Cast glass waka
above:cast glass canoe
by Shona Firman,
New Zealand




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cast glass


Cast Glass: from
the Glass Encyclopedia

Cast Glass: A short explanation

The techniques for making Cast Glass involve creating a paste from powdered glass and colouring agents and filling a fire-proof mould with this paste then firing it in a furnace to melt the glass.

The technique was known in ancient Rome and Egypt, but in the art nouveau period (very early 1900s) it was called Pate de Verre and developed to a very high artistic level by such French artists as Gabriel Argy-Rousseau, Henry and Jean Cros, Albert Dammouse, Francois Decorchemont, Amalric Walter, Emile Galle and Georges Despret.

These artists put the coloured glass paste into the mould using a paint brush or similar tool, first filling the sections which would eventually stand out in relief. The background of different colours was then added to a thickness of several millimetres and the centre of the mould filled in some way to prevent the paste from slumping. Argy-Rousseau filled the centre with powdered asbestos.

For both cast glass and pate de verre, the filled mould is fired to melt the glass paste and fuse it into a single piece, and then allowed to cool very slowly to anneal the glass.

Some of today's glass artists incorporate computer controls and thermocouples (for measuring high temperatures) in the mould itself, giving them very precise control over the heating and cooling of the glass. These techniques were first developed for making cast glass lenses and mirrors for huge telescopes.

Finally the mould is removed, either by pulling apart the separate pieces or by lifting out the glass object (only possible with certain shapes) or by destroying the mould to release the glass. Further work on the glass, such as polishing or engraving or decorating is then undertaken.

Making cast glass is a slow process requiring a large amount of skilled craftswork. Experience and knowledge is needed to avoid bubbles, cloudiness, and cracking during annealing (cooling). Many cast glass sculptures are solid and quite large. Even a small piece 10cm thick can take a month of carefully controlled cooling to ensure it does not crack, and at 20cm thickness the time required to cool safely will be about four months.

It was not until after the 2nd World War that techniques were developed for making very large sculptures using cast glass. Stanislav Libensky and Jaroslava Brychtova were the leaders in this development, but their work in communist Czechoslovakia was not widely disseminated in the West until the Czech Republic was set up and greater freedom allowed. Methods of working with cast glass were also developed in the USA, notably by Howard Ben Tre, in the UK by Colin Reid and others, and in New Zealand by Ann Robinson. Today cast glass is some of the most magnificent and skilfull glass produced.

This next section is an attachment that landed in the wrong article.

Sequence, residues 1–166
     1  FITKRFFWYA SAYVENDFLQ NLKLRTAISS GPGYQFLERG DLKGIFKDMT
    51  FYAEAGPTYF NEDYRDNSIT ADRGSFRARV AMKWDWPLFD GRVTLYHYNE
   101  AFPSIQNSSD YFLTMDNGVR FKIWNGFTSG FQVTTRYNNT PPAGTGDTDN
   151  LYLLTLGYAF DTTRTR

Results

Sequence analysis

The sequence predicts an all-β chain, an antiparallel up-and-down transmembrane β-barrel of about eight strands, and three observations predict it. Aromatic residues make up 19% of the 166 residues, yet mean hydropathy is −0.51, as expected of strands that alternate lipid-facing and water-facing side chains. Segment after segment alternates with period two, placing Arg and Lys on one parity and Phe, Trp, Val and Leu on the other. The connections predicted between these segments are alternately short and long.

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It has been said that New Zealand has developed its own "Silicon Valley" of cast glass artists. Led by Ann Robinson who has been casting glass since the early 1980s, there are a growing number of glass artists in New Zealand who specialise in Cast Glass. Shona Firman, whose symbolic tribal canoe is shown above left; Emma Cambden, Greg Smith, and many others have acheived international recognition and awards for their work. One reason for the success of these cast glass artists has been the work of Gaffer Glass in New Zealand, in preparing and supplying suitable glass for casting.

If you are looking for cast glass, you can sometimes find a few items on ebay. These links will take you to some of the current listings on ebay.
- click here for Pate de Verre
- click here for Daum glass
- click here for Galle glass


References and Further Reading

Click on the titles or the book covers below to read more about these books.

Sand Cast Chinese 2014 Kiln-Formed Glass 2014 Kiln Cast Glass 2013 Knitted Glass 2013 Knitted Glass 2008 Galle by Newark Schneider glass book Rousseau glass book Lalique book Lalique book, jewels Essential Lalique Lalique catalogue book Warman's Lalique book Daum glass book Techniques of Kiln Formed Glass 1997 Glass Casting 1989 History of Glassforming 2002 Beginners Kilnwork 2012









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